Tattoos have a long history behind them and humans have marked their bodies with ink for over a thousand years. It has been used as amulets, declaration of love, adornment, a form of punishment, signs of religious beliefs, status symbols, etc.
The History of body art goes long back. It is said that tattooing was once a widespread phenomenon. A 19th Century German ethnologist and explorer believed that in South America, the custom of decorating the body with scars gave birth to the art of tattooing.
In 1857, David Livingstone wrote in one of his books that many Africans used to get themselves tattooed using a black substance under the skin that resulted in a raised scar. While Comanche warriors and North-American Apache rubbed soil on their battle wounds. It made the scars more visible and they used to flaunt them.
On the other hand, pygmies of New Guinea rubbed herbs into the skin cuts for treating infections causing permanent scarring. This proves that it is possible that tattooing came into life at various places through scarification rituals, medical treatment, bloodletting practices, or by chance.
The earliest evidence of tattoos on actual bodies, for a long time, was in Egypt. Tattoos were found on several Egyptian female mummies dated to c. 2000 B.C. However, in the lights of more recent discoveries, the oldest tattoos are around 5,200 years old, dating to around 3300 BCE.
‘Otzi the Iceman’ had 57 tattoos on his mummified skin. Most of them were around modern-day acupuncture points used for treating symptoms of diseases that he might have suffered from, like arthritis.
The Middle Kingdom period of ancient Egypt also showed the early evidence of tattoos. Many Egyptian mummies from around 2160–1994 BCE that have been recovered showed tattoos. Also, Greeks and Romans in eighth to sixth century BCE associated tattoos with barbarians. Persians taught tattooing to Greeks who used it to mark slaves and criminals so that they are easily identified in case they try to escape. Then, Romans adopted this practice from the Greeks.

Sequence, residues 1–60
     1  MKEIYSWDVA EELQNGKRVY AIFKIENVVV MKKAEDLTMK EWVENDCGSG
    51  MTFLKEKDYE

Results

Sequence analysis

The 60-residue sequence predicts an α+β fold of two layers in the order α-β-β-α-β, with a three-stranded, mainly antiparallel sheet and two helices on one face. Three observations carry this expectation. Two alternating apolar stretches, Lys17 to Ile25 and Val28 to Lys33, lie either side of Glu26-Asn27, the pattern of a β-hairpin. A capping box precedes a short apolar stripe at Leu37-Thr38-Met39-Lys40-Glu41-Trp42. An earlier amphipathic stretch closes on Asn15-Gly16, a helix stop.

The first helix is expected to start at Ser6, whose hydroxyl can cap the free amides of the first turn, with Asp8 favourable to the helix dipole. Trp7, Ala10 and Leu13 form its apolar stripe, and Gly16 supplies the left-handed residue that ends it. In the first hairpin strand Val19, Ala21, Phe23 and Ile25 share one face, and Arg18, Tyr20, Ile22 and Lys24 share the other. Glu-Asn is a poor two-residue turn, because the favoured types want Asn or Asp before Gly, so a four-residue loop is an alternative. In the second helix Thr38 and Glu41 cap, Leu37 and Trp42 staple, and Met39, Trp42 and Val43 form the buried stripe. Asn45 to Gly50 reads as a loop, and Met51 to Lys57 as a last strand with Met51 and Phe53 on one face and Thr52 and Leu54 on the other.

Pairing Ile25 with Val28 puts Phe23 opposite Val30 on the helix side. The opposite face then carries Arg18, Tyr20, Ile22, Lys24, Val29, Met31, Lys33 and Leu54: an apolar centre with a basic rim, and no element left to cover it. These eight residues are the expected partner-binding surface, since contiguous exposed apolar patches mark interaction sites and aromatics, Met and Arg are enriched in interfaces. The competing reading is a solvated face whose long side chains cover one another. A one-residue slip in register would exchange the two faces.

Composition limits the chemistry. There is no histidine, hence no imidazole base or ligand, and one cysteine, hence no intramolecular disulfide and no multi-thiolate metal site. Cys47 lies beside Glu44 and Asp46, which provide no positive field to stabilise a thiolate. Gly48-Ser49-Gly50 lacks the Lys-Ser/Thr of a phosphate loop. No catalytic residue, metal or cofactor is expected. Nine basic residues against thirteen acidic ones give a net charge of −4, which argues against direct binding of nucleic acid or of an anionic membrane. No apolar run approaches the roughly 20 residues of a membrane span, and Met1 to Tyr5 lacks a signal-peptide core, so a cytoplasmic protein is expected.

Pazyryk tombs also had elaborately-tattooed mummies from sixth to second century BCE. They were formidable horsemen and warriors. They lived in Eastern Europe and Western Asia on their grass plains in the iron age.
Who Made The Tattoos and What Instrument They Used?
There is no explicit written evidence in the History of body art about who made the tattoos in ancient Egypt. It is possible that the older women of the community created the tattoos for younger women like in the most part of today’s world
The instrument used could possibly be a sharp point set in a wooden handle that goes back to c. 3000 B.C. It was discovered by an archaeologist at the site of Abydos. He also found a similar set of small bronze instruments going back to c. 1450 B.C at the ancient town site of Gurob. It resembled wide flattened needles and if they are tied together, they would provide multiple dots in a repeated pattern. These instruments look very similar to the instruments used in 19th-century Egypt for tattooing.
Wrapping It Up
The early tattoos were often largely dotted patterns of lines and patterns of diamonds. And a dark or black pigment was used to introduce into the pricked skin. There is so much about our beloved art of ink that we don’t know and its history is truly historic and interesting. So, now when you go for tattooing, remember what you have learned. It will make your experience interesting.